When I first started riding three decades ago, a day on the bike meant you needed some gas in the tank, to check the oil, and make sure that you had some cash in your wallet. If the weather looked like it might get bad, you’d stash a slicker under the bungee cord or, if you had a big enough bike, you could tuck it in your bags.
In those days, if you were unlucky enough to have an Ironhead Sportster or a Shovelhead, you might check the tool roll to see that nothing had wandered off since the last time you used it, but for the most part, you got on the bike and rode.
The times, though, they are a changin’…
The bikes are more complicated and the lives that ride them are, too.
If you ride a Sportster or have built a bobber, then you’d better hope that you have enough pockets … until now.
Two weeks ago, I broke down and strapped on a Viking gas tank bag because I am one of those fools that treat my Sportster like a Cruiser – I drive it daily and in a week, it’s not unusual for me to log hundreds of miles. I’ve run with saddlebags but, as we both know, no matter how good the leather is, if you are out in the weather – like, actually riding – then the elements can really affect how they look in just a short time. I have never been able to convince myself that hard bags look good on anything but a big bike.
Now, Viking Bags got their start building bags for a lot of the same reasons that most of us buy a bag – the need to hold stuff. Their side mounted bags – from traditional saddlebags to swingarm bags – are beautiful and durable, but what about their simple tank-mounted bag to hold all the crap you actually need?
It’s good. It’s very good.
It mounts easily, too – pop off the seat and attach the base strap to the frame and then, the two “top” straps slip around under the tank to the frame. There’s a load of adjustment in these straps, so whether you have a peanut tank or are using a larger one-off tank, there’s no problem getting it to fit. Of course, my challenge is that I’ve got some nice paint on the tank, so can I protect it? As a matter of fact, yes. The bottom of the bag has a nice “moleskin” feel that extends out to the strap webbings, so unlike that “bra” you had on your 1992 Camaro, you aren’t going to screw up the paint.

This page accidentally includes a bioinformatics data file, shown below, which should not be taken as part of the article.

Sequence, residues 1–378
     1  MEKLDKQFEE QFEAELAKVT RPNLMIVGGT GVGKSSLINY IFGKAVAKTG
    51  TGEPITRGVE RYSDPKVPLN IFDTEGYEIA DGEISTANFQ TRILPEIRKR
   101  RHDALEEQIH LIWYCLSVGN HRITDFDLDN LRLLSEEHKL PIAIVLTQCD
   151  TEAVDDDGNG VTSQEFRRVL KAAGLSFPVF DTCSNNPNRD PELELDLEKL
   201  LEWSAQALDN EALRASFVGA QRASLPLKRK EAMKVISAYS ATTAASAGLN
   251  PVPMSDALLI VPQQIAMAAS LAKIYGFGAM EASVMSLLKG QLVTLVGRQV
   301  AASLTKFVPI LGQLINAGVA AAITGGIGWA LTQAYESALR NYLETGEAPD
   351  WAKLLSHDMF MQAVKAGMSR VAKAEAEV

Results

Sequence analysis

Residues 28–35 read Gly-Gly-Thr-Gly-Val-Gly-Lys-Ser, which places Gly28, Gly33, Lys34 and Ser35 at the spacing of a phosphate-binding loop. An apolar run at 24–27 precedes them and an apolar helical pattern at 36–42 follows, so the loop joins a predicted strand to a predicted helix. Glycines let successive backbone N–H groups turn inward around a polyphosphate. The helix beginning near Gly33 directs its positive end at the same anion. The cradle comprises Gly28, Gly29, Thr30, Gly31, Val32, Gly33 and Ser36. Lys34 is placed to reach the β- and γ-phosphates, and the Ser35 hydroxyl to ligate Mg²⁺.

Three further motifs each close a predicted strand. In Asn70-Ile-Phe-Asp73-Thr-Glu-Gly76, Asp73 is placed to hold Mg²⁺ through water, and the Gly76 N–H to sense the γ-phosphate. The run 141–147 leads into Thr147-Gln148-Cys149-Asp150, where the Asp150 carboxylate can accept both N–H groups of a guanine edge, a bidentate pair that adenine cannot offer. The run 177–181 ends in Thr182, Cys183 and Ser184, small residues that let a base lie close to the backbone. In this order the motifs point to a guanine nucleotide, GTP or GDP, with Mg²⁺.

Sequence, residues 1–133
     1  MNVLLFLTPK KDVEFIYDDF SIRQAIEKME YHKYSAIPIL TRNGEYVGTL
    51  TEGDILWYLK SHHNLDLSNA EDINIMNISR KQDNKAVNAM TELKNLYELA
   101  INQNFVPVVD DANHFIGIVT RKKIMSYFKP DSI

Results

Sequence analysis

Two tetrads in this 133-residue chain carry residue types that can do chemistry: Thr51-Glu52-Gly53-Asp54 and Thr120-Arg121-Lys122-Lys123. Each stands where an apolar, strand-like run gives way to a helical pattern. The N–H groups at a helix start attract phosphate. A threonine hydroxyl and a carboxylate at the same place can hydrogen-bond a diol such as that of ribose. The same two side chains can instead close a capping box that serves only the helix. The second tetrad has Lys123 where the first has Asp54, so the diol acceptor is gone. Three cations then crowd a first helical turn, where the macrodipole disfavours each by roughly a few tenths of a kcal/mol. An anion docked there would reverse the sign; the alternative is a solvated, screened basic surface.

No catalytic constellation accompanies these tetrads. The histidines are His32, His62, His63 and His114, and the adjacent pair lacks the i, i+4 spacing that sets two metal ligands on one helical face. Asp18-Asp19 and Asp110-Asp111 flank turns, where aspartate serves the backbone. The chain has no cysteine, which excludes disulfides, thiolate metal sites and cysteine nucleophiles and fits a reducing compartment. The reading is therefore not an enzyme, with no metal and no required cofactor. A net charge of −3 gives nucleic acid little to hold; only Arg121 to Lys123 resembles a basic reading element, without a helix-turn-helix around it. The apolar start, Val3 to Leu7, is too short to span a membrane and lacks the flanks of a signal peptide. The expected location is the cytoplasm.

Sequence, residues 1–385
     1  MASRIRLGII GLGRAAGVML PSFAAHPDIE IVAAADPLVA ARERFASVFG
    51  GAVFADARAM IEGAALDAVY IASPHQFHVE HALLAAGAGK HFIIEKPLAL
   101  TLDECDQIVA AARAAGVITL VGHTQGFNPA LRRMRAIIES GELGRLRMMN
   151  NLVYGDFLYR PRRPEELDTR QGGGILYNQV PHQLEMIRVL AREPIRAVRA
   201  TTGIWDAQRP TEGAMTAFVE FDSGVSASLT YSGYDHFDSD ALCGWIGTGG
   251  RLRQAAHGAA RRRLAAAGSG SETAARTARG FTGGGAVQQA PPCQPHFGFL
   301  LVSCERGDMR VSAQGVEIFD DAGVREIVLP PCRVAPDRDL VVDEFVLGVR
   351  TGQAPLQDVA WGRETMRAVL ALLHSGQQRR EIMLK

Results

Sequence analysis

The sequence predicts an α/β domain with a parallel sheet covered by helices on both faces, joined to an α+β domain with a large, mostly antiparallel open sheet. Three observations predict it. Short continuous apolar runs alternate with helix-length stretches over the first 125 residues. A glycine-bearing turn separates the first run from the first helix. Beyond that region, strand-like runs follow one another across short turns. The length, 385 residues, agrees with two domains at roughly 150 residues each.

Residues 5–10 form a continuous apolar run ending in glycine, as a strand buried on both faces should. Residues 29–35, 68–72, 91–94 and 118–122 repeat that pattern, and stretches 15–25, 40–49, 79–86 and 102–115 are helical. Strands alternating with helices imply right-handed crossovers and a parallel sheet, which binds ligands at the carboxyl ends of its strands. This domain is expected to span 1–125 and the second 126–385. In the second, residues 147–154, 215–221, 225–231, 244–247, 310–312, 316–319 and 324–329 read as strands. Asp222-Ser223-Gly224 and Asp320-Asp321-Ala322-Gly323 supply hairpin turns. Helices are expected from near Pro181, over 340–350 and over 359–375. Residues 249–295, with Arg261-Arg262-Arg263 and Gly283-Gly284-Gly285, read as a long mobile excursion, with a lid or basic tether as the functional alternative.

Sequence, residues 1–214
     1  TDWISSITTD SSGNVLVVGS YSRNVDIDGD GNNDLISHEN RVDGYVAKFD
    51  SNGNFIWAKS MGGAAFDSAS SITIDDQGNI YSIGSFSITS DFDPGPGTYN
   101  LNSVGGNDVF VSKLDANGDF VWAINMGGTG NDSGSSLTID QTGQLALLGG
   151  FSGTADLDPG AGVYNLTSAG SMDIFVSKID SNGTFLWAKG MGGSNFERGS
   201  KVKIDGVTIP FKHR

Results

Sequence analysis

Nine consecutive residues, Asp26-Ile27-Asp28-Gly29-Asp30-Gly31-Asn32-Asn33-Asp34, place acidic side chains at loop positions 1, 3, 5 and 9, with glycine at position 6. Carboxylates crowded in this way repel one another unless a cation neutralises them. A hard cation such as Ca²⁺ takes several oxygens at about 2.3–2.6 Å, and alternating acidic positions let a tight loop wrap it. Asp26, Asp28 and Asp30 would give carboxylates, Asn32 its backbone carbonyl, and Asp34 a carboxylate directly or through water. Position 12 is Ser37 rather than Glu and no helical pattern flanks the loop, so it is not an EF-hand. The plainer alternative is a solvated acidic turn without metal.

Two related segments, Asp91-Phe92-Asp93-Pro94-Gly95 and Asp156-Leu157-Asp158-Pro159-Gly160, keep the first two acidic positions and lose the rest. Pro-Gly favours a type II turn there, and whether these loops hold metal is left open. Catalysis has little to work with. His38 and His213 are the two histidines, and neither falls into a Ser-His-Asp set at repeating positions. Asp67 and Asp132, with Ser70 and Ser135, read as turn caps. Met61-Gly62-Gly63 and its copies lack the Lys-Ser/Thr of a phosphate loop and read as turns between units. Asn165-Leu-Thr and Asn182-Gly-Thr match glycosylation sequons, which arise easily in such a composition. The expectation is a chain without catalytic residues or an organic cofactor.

So I’ve had Viking’s Large Tank bag on the scoot for about two weeks and about 900 miles. What’s the reality?
I can carry a ton of stuff in it, I can take it off in less than a minute, and it retains its shape no matter how bad I’ve squashed it in the garage or the truck.
So how much does it hold? Last trip, about 200 miles over the weekend, I decided to do an inventory – here goes…
- 20-ounce soda bottle in koozie
- Goggles and/or glasses
- Small canvas tool roll
- Phone charger
- Ear plugs/buds
- “extra” gloves
- Wipes to get the bug guts off my goggles
- Suitable tobacco products
In other words, all the stuff that you had to stuff in a backpack or cram under a bungee cord on the second seat OR live without.
The other sweet thing about the Viking Tank Bag is that the top cover has a sleeve built in to allow you to see your phone, use a Bluetooth headset, or even stash a map. Personally, it allowed me to stay in touch with the She Who Must Be Listened To a little easier, since she wasn’t in town and I wasn’t at the house.
Here’s one other thing I really like about the tank bag versus a saddlebag – you can get into it without getting off the bike. Try to find a water bottle in your saddlebags at a stoplight.